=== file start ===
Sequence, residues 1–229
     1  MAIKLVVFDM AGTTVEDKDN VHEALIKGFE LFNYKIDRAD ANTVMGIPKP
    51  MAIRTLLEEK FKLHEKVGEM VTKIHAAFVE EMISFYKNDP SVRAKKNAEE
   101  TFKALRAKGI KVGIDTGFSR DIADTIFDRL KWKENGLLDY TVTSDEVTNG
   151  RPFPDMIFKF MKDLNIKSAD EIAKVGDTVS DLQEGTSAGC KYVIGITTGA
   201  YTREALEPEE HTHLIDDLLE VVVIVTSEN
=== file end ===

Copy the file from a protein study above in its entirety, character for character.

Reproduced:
Sequence, residues 1–229
     1  MAIKLVVFDM AGTTVEDKDN VHEALIKGFE LFNYKIDRAD ANTVMGIPKP
    51  MAIRTLLEEK FKLHEKVGEM VTKIHAAFVE EMISFYKNDP SVRAKKNAEE
   101  TFKALRAKGI KVGIDTGFSR DIADTIFDRL KWKENGLLDY TVTSDEVTNG
   151  RPFPDMIFKF MKDLNIKSAD EIAKVGDTVS DLQEGTSAGC KYVIGITTGA
   201  YTREALEPEE HTHLIDDLLE VVVIVTSEN